• Minority Owned Businesses: Percent of minority owned businesses. (Source: U.S. Census Survey of Business Owners (SBO))
  • Business Retention: Rate of increase or decrease in the number of neighborhood businesses from the previous year. (Source: U.S. Census Bureau; County Business Patterns)
  • Local Business Vitality: Proportion of small (0-4 employees), locally-owned businesses in the neighborhood. (Source:Table: CBXX00CZ21: ZIP Code Business Statistics: Total for Zip Code 20XX Business Patterns (use most recently available year as indicated by “XX”), U.S. Census)

Financial Security

  • Poverty: The Federal Poverty Level (FPL) is the standard measure based on household size and income, where a person living below 100% FPL earns less than $11,880 a year and a family of four earns less than $24,300 a year. Because of the high cost of living in San Mateo County, 200% FPL (double the national income threshold of 100% FPL) is a better estimate for the number of households who live in poverty. (Source: U.S. Census Bureau, American Community Survey (ACS))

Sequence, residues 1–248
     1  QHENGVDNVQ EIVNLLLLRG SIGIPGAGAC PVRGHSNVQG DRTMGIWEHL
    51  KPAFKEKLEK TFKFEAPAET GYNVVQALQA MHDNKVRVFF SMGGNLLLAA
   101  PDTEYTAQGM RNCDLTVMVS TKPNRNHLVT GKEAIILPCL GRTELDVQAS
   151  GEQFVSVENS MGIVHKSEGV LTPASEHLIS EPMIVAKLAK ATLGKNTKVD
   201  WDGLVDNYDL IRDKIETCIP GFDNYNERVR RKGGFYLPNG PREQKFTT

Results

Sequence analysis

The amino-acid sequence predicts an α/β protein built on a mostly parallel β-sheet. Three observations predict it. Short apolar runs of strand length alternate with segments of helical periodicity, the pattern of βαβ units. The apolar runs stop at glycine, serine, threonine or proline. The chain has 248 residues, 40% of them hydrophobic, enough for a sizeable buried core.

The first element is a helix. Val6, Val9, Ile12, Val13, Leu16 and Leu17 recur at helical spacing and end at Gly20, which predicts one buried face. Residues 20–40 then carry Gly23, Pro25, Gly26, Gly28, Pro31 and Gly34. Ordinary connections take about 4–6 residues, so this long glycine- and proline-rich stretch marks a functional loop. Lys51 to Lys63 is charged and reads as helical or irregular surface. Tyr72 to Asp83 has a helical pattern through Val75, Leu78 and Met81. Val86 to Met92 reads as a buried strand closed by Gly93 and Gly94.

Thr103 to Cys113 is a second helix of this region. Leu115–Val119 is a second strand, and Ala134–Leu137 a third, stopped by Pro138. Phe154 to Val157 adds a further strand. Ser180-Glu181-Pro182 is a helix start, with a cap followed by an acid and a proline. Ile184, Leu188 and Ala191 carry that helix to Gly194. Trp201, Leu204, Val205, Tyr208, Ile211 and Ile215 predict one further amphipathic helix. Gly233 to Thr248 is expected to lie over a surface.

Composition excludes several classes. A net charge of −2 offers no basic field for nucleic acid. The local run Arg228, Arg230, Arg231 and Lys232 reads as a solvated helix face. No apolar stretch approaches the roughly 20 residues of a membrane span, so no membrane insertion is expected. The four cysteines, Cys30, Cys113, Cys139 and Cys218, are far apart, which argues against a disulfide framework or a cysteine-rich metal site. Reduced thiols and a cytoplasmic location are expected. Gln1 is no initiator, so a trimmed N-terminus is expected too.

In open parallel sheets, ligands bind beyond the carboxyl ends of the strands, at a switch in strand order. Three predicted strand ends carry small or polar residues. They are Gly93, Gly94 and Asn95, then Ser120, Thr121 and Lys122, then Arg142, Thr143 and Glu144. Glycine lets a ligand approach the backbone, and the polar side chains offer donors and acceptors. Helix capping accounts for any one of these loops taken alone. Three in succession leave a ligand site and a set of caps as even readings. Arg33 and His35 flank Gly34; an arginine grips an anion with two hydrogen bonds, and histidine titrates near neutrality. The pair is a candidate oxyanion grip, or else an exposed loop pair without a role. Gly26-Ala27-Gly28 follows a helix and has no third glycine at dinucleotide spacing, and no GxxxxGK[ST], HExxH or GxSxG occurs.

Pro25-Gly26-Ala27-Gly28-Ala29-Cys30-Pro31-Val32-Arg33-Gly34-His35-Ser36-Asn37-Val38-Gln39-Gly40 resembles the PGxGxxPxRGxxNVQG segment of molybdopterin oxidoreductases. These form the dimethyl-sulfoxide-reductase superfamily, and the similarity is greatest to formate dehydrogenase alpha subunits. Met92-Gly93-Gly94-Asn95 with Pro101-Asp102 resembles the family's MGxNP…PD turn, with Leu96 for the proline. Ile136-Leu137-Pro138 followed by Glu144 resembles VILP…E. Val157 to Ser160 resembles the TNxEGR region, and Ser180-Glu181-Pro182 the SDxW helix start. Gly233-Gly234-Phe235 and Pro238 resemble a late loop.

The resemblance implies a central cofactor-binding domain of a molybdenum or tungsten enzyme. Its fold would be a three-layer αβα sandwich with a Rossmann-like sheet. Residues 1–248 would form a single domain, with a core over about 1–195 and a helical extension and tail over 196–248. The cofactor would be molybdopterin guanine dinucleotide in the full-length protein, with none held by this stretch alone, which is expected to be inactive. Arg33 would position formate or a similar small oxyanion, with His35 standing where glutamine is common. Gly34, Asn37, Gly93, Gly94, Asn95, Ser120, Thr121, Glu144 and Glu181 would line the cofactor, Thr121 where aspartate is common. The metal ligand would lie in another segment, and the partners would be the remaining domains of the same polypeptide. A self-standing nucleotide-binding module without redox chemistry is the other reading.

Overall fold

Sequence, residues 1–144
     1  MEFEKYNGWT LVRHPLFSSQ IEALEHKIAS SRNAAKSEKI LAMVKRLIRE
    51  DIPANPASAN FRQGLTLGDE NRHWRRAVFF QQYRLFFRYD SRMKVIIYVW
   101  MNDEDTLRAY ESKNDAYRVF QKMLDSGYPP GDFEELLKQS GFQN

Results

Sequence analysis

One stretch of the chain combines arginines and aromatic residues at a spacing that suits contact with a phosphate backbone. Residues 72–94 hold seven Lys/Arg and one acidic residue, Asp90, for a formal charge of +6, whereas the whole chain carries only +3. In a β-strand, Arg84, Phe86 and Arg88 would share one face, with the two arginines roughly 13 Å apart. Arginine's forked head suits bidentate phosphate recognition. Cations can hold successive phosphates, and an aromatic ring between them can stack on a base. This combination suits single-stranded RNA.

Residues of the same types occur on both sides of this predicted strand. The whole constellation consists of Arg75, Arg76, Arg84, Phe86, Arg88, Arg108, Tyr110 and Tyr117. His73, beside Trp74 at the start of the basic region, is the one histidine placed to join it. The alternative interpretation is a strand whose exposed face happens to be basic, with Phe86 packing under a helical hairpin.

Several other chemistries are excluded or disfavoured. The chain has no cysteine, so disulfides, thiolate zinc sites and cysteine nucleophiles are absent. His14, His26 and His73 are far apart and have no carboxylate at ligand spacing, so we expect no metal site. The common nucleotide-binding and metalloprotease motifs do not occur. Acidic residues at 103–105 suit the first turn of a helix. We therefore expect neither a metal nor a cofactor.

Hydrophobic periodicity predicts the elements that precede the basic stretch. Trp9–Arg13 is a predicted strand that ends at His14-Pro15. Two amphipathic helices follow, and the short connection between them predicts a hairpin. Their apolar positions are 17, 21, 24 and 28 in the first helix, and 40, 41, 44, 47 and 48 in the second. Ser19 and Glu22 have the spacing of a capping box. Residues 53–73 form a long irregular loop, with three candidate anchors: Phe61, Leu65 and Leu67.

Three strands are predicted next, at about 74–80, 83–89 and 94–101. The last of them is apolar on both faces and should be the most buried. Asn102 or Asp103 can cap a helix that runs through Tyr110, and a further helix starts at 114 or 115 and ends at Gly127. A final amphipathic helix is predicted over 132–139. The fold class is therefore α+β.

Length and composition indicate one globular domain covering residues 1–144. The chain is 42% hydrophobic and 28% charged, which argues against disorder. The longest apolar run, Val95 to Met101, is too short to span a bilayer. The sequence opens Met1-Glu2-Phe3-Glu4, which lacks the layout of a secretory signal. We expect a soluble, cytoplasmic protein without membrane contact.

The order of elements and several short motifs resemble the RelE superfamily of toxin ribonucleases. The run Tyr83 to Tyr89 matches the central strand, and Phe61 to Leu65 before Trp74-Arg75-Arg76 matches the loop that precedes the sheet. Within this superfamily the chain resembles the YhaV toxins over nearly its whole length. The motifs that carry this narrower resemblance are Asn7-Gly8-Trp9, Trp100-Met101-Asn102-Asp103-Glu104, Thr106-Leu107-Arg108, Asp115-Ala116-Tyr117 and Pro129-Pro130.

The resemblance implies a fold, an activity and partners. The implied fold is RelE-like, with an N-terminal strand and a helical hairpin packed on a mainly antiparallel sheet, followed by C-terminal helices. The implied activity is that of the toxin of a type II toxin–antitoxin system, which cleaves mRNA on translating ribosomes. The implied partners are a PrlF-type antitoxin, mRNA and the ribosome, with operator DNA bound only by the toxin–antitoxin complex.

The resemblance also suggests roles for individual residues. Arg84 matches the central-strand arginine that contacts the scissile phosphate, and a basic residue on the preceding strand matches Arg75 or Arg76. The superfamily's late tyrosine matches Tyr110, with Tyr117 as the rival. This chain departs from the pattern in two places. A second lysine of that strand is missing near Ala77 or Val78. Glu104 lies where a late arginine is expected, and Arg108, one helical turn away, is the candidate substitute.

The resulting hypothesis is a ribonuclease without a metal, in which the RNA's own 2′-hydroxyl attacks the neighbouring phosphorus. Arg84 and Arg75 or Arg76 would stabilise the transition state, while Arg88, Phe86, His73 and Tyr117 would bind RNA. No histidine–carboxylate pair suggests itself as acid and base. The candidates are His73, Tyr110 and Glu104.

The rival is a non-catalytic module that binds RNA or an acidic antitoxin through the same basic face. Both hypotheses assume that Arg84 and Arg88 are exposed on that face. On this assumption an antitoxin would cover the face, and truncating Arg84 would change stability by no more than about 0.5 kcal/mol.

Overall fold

• Child Poverty: Population Under Age 18 at or Below 200% FPL(Source: U.S. Census Bureau, American Community Survey (ACS))
  • Public Assistance Income: Percentage of households receiving public assistance income. Public assistance income includes general assistance and Temporary Assistance to Needy Families (TANF). Separate payments received for hospital or other medical care (vendor payments) are excluded. This does not include Supplemental Security Income (SSI) or noncash benefits such as Food Stamps. (Source: U.S. Census Bureau, American Community Survey (ACS))
  • Access to Mainstream Financial Services: Proportion of un- and underbanked households within a neighborhood. (Source: FDIC National Survey of Unbanked and Underbanked Households, https://www.economicinclusion.gov/)

Commands